Saturday, August 02, 2008

An unfortunate picture exercise

I really don’t know how to describe my picture, it was of a man serving cakes to a little girl in a dinning room (or so I thought) but here’s the end result. And Rimi di hope you get well soon and become your usual roaring self in no time.

Tamosha couldn’t believe that this was indeed happening. She had been awaiting this day restlessly for so long and now that she was finally there, dinning in a five star hotel soon to meet Sharukh Khan, the little girl didn’t know where to hide her excitement. Mr. Sharukh Khan was in Kolkata for a charity event and a letter had reached her school stating that he wanted to meet few terminally ill children and spend a day with them. Tamosha didn’t understand what ‘terminally ill’ meant, but she knew that the words qualified her for she had heard them often enough to realize that.
The Reception at Sonar Bangla had been nothing less than royal. The multi-course lunch was unlike anything Tamosha had ever seen. She had even worn make-up and played at being a grown up. Her parents would have never approved of that! She was missing school again, but that wasn’t unusual, with blood transfusions lined up every month things weren’t exactly in her hands. But this was probably the first time she was enjoying the preferential treatment she received. Regular absence from school often made it difficult for her to keep up with the school curriculum but her teachers never scolded her the way they did others and she almost resented the partiality. She grew angry at the feelings of inadequacy this aroused in her. Her parents said she treated different was because she was special but Tamosha was a big girl now and she knew that it was not because of what she was but it was because of what she was not. She didn’t fit in her class, she wasn’t ‘normal’ like the other girls, and she envied them for it.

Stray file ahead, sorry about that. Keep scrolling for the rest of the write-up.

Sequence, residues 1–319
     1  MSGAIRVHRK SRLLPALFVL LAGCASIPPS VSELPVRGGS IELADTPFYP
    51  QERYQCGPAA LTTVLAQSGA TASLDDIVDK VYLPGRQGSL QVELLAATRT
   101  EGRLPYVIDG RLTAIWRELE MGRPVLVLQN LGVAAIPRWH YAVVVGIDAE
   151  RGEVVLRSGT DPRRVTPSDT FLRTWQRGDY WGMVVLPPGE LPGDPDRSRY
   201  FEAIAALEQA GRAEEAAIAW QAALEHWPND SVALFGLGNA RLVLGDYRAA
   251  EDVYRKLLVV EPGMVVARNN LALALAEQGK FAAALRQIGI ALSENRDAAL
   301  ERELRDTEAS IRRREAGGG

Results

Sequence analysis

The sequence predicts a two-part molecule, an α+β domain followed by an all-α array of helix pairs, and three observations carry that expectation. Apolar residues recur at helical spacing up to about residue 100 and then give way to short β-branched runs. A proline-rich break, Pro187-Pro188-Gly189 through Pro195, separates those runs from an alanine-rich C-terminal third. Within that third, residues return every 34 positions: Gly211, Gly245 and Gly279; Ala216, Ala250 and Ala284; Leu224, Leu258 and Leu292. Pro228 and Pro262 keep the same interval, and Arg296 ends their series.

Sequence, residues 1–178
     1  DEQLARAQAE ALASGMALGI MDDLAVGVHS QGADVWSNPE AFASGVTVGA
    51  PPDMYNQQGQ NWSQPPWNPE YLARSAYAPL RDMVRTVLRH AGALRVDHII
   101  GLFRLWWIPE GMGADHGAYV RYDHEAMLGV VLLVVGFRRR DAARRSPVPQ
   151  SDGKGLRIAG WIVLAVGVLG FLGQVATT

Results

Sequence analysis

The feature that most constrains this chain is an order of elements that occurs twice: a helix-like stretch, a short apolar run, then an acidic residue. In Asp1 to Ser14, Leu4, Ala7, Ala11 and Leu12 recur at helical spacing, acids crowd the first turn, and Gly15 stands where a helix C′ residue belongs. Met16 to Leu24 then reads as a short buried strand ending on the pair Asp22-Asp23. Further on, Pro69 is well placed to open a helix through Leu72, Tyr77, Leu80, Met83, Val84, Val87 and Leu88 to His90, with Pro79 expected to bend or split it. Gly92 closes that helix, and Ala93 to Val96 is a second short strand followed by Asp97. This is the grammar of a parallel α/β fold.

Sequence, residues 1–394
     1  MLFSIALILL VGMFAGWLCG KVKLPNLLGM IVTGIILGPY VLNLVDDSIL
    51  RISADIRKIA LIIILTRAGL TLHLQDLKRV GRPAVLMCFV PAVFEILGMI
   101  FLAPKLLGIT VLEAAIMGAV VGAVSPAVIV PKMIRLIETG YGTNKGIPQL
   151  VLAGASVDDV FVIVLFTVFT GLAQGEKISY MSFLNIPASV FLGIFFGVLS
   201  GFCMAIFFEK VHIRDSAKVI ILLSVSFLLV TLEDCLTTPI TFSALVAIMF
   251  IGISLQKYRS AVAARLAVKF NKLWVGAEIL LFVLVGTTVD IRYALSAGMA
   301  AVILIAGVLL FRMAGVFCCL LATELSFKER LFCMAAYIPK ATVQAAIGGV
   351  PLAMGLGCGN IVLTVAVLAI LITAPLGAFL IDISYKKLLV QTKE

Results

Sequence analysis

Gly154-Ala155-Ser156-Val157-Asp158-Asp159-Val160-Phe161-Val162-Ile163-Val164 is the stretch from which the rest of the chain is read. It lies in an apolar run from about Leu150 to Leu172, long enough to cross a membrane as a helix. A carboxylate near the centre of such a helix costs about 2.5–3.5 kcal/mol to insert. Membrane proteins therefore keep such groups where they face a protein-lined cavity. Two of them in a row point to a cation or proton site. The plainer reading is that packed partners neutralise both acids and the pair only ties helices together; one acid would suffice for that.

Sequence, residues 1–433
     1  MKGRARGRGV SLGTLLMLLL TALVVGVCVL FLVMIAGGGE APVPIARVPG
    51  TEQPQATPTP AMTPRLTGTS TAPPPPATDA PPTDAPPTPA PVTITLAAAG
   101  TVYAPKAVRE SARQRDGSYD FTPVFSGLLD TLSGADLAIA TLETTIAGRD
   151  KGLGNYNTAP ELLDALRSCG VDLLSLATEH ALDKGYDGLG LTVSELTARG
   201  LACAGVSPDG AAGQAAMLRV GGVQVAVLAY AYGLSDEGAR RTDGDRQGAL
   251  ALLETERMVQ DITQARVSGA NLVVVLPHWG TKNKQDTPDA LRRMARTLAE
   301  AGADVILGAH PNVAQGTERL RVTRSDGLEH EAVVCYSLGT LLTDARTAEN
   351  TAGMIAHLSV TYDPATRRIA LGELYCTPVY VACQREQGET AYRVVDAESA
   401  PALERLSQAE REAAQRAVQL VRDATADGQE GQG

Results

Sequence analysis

Tamosha had felt death when her grand mother died and it had made her recognize how vulnerable life was. It also brought the realization that she too would one day be what her grandmother had become, rings, bangles, perfumes and a wooden almirah full of sarees. She too would metamorphorise into some physical objects that would stand out as a rude reminder of a lost self. Was it then strange that she couldn’t never really write anything in her “my aim in life” essay? The future seemed like a dark void, they never talked about it at home.But meanwhile she smiled, and the little lines on her temple gave way to two charming dimples that blossomed on her cheeks. Hmm…the muffins were going to be delicious.

3 comments:

RBC said...

Dear, 'dinning' is what noisy children do in dialect when the teacher is away. It's right up there with fooding and lodging. Look up your spellings and fix em before posting.

RBC said...

Prospephone, your mail bounced. Which one are you?

Elendil said...

I quite like this. I love the bit about metamorphosing into physical objects. Loads of feeling in it :)